The winter weight-gain blues Print
What to do when you see the scale go up in the winter months
By Andrea Holwegner, Health Stand Nutrition Consulting Inc. – for CBC.ca
Are you like many people who notice the scale go up in the winter months? In the winter when there is less sunlight our serotonin (“feel good” brain chemical) levels may be lower. This, in conjunction with the cooler temperatures, can leave us unmotivated to keep up our activity.
Combine all of this with festive eating that starts before Thanksgiving and continues past New Year’s as well as winter cravings for comfort foods and you can see why many people experience the winter weight gain blues. The good news is that the cooler weather need not add inches to your waistline.
Exploring winter food cravings
You inherit a unique balance of appetite control chemicals and unique experiences that shape your food preferences and cravings.
Food cravings are magnified:
- When you follow a restrictive diet or skip meals.
- If you are under stress or feel angry, depressed or overwhelmed. The winter holiday season can be a particularly hard time of year due to emotional and financial pressure.
- If you get less sleep or are premenstrual.
- By an addiction to pleasure much like the high experienced after intense exercise. A calming response is immediately produced by foods such as sweets that release quick acting chemicals in your brain called endorphins.
- As a result of habit. If you condition yourself over time to have a mid-afternoon chocolate bar or popcorn at the movies and it makes you feel good, you are likely to have it again.
- Because of childhood food associations, memories, cultural beliefs and holiday traditions. You may notice that you crave certain foods such as shortbread over the holidays. I crave macaroni and cheese in times of stress since it reminds me of being cared for by my mom when I was a kid.
Many people crave carbohydrates (breads, chocolate, sweets, potato chips etc.) in the winter especially when sunlight and serotonin levels are lower. A carbohydrate-rich meal/snack stimulates the release of the hormone insulin which lowers blood levels of all amino acids except tryptophan. Tryptophan levels in the brain rise and are converted to serotonin. Serotonin is a neurotransmitter that regulates sleep, reduces pain and appetite, and generally calms you down and improves your mood.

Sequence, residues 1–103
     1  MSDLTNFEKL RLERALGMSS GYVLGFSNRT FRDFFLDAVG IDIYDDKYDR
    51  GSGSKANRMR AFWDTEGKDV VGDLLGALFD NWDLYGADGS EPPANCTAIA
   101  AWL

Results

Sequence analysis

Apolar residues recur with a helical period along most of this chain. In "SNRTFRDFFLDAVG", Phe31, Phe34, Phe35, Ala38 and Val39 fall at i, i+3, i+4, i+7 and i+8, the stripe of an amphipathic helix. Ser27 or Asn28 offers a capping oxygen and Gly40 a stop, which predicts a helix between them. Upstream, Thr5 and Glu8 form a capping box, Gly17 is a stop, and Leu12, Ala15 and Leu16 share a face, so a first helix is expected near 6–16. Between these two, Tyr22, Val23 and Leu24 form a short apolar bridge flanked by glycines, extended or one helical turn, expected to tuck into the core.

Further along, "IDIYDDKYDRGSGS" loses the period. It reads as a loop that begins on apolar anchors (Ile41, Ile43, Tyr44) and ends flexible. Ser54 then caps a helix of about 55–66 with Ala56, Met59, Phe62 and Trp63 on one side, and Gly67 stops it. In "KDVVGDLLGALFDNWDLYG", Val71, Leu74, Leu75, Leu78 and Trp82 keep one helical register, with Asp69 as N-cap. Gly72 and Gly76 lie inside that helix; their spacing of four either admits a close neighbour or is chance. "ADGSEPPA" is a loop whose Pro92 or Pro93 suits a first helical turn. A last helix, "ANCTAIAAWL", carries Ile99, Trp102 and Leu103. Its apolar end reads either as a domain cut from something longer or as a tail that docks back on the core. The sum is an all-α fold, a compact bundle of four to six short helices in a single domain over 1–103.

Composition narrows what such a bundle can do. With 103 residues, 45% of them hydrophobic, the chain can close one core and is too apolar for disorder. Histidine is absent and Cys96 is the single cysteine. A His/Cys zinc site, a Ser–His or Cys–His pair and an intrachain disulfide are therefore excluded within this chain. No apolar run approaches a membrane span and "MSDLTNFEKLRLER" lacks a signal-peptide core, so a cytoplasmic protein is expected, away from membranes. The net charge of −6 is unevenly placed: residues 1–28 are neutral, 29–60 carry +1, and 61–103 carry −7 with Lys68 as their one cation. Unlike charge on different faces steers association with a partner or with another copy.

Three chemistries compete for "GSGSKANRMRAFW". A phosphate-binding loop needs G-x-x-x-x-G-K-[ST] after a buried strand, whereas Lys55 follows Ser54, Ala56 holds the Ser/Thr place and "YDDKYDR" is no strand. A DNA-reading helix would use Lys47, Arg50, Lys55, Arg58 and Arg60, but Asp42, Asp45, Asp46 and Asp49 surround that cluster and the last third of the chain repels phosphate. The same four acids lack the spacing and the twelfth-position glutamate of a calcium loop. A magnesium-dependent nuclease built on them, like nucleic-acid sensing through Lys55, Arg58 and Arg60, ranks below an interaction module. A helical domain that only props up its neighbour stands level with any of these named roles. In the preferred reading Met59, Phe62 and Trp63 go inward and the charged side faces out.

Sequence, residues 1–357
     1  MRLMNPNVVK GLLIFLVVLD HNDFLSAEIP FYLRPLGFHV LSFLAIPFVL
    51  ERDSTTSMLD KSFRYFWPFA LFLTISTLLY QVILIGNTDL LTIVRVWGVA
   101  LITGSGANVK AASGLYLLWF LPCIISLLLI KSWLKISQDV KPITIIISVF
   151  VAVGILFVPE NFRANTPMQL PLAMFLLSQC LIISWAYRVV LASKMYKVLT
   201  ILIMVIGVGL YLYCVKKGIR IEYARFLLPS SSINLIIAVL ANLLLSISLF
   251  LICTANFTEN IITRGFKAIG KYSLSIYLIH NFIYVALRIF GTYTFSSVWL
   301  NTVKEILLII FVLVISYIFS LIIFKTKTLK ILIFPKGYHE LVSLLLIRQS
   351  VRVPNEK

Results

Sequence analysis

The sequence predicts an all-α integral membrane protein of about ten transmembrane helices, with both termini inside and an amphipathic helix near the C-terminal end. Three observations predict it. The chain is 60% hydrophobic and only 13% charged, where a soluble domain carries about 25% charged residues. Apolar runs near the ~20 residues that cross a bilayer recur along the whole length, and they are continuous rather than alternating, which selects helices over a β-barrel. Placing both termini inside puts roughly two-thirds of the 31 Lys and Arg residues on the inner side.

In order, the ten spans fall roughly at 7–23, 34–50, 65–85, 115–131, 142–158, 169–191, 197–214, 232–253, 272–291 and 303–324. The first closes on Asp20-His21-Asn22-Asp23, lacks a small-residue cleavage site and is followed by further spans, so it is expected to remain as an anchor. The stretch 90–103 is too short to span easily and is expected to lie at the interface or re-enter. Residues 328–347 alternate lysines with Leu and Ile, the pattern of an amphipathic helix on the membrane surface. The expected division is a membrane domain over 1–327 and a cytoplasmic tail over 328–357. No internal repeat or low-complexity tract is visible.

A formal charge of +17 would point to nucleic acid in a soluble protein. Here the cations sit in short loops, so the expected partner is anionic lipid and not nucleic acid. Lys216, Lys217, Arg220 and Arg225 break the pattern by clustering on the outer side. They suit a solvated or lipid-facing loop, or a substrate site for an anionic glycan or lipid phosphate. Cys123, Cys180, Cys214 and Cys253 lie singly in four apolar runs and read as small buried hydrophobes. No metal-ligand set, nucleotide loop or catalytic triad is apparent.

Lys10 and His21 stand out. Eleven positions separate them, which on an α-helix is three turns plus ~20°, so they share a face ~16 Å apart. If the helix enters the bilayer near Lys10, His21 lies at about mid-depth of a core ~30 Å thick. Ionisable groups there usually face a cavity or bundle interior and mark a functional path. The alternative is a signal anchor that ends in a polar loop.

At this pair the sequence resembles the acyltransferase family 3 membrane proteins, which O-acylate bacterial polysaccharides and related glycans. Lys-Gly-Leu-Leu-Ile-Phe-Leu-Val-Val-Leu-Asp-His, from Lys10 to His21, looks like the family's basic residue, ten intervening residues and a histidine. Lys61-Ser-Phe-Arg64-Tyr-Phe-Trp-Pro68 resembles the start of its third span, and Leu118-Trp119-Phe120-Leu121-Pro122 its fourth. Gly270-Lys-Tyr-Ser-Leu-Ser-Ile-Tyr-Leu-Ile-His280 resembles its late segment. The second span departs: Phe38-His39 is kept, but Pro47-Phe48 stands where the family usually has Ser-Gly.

3 steps to preventing winter weight gain
1. Manage food cravings
Keep in mind that a craving is only a feeling – it is not a command. Even though the initial relief of satisfying a craving might appear to end the urge to eat, in the long run it encourages stronger and more frequent temptations and leaves you more vulnerable to the next snack attack.
Here are some key ways to manage winter food cravings:
Nibble: The most important way to manage food cravings is to nibble instead of gorge. To maintain good energy and blood sugar control eat small meals/snacks every 3-5 hours.
Plan balanced meals: Your breakfast, lunch, and supper should consist of three things for balance. Firstly a whole grain/starch such as bread/pasta/rice/potato/cereal; secondly a vegetable/fruit; and thirdly a source of protein such as meat/fish/poultry/legumes/nuts/ eggs/soy/dairy. The grain/starch and vegetable/fruit will provide the brain with sugar (carbohydrate) for energy and the protein will slow down how quickly the sugar goes into the blood and contribute to fullness.
Take a time out: Before giving into your craving, make yourself wait. Most cravings fade within 10-15 minutes. The temptation to give in to a craving becomes less frequent and progressively weaker when you outlast the urge. On the other hand it is sometimes important to have a bit of whatever it is that you have a strong craving for rather than eating down the house to try and get something that satisfies the craving! It is also important to take a time out and understand why you are eating. Stress, anger, sadness,
habit, the smell or sight food, and social environment are all triggers to eat, especially over the winter holiday months.
Avoid “all or none” thinking: As soon as you tell yourself you can’t eat certain foods that will be what you crave. Give yourself flexible eating patterns that allow for some of your favourite treats, while not giving into all your cravings. Make the decision not to go on a restrictive diet. Instead go for sensible balanced eating that includes all foods.
2. See the light
Diminished sunlight in the winter months reduces the brain’s level of serotonin and can leave you feeling depressed and reaching for comfort foods. Walking outdoors or participating in outdoor winter activities such as skating or skiing are fabulous ways to keep you feeling your best. At home and at work be sure to open the curtains and sit next to a window whenever possible. If you experience mild to severe depression all winter you may have SAD (seasonal affective disorder) and should speak to your doctors.
3. Boost your physical activity
Many people gain weight over the winter months since they keep eating similar amounts of food (and potentially even more food) but have also reduced their physical activity. Get moving to prevent weight gain. Bundle up and get outside or choose indoor activities to keep fit. Exercise is one of the most important ways to manage a healthy weight and keep your metabolism revved and burning calories efficiently.
Believe it or not physical activity is also essential for food craving control. It helps regulate blood sugar levels and other nerve chemicals along with endorphins. Physical activity can also improve mood and self-esteem, and be a distraction for food cravings.